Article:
But if you only use the P200 for LiPo chargers, it wouldn’t be the first thing I’d recommend. Firstly, it’s not cheap, you can find more powerful PSU at lower prices (with a fixed voltage output though). Even with basic LiPo chargers like the ToolkitRC M7, is rated for 200W. The P200’s 100W power with AC is a bit low to be honest. Yes, you can still power these chargers with the P200, but you won’t be getting their full potential.
As a desktop PSU? I absolutely love it. I have been using this cheap DC to DC variable voltage regulator, it does work, but it just isn’t as easy to use as the P200 :)
Power and voltage are both accurate, the P200 is overall a good product! I will report back if there’s a problem on long term use and how it holds up :)
How to Update Firmware on the P200
Download firmware from ToolkitRC’s website (scroll down to Firmware), the firmware file name should be “app.upg”.
Connect the P200 to your computer with the USB-C cable provided, open “My Computer” and there should appear a new external drive.
Then you just drop the firmware file in the external drive. Once the file transfer is completed, you can unplug the USB cable, and restart the power supply.
If it doesn’t turn on, you might have to unplug the input power cable, and try again. It can take a few try sometimes.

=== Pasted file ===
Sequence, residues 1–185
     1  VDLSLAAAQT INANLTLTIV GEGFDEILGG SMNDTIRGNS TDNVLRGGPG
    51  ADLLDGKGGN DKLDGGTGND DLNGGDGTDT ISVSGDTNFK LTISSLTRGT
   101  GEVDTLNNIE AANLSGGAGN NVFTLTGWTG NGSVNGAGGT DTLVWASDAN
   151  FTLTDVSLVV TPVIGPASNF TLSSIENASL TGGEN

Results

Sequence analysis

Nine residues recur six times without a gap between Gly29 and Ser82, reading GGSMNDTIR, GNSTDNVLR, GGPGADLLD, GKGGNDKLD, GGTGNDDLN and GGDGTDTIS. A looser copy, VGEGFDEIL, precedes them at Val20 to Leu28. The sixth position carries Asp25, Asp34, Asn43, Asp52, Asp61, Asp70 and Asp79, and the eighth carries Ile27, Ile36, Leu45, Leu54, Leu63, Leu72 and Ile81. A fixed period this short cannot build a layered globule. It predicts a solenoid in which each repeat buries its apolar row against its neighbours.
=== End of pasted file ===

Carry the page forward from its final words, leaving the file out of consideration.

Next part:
Check firmware version on the P200, make sure it’s been upgraded.
Factory Test Screen After Firmware Update
You might get into this screen after updating firmware. You can’t do anything, change voltage, current, or access the menu.
This screen is the factory test screen, which suggest the PSU requires a calibration.
To get out of this, you just need to connect a load to the output of the PSU (the main port). Something like a light bulb discharger, or power resistor discharger should work, it has to draw a constant current. Once the load is connected, the count down will start (the number 10.00 on screen), and when it gets to zero, you will see “completed” on screen, and you can restart the PSU.
I have the same issue with all ToolkitRC stuff. The only way I was able to get around my Windows 10 machines not loading the U drive was to use an old Windows 7 laptop. I contacted Toolkit RC about this issue and they said to make sure I was using a USB 3.0 port. All of the ports on my Windows 10 box are 3.0. Would suck for someone that does not have access to an older operating system. I have tried multiple PC’s and only the Windows 7 one will see the device as it should.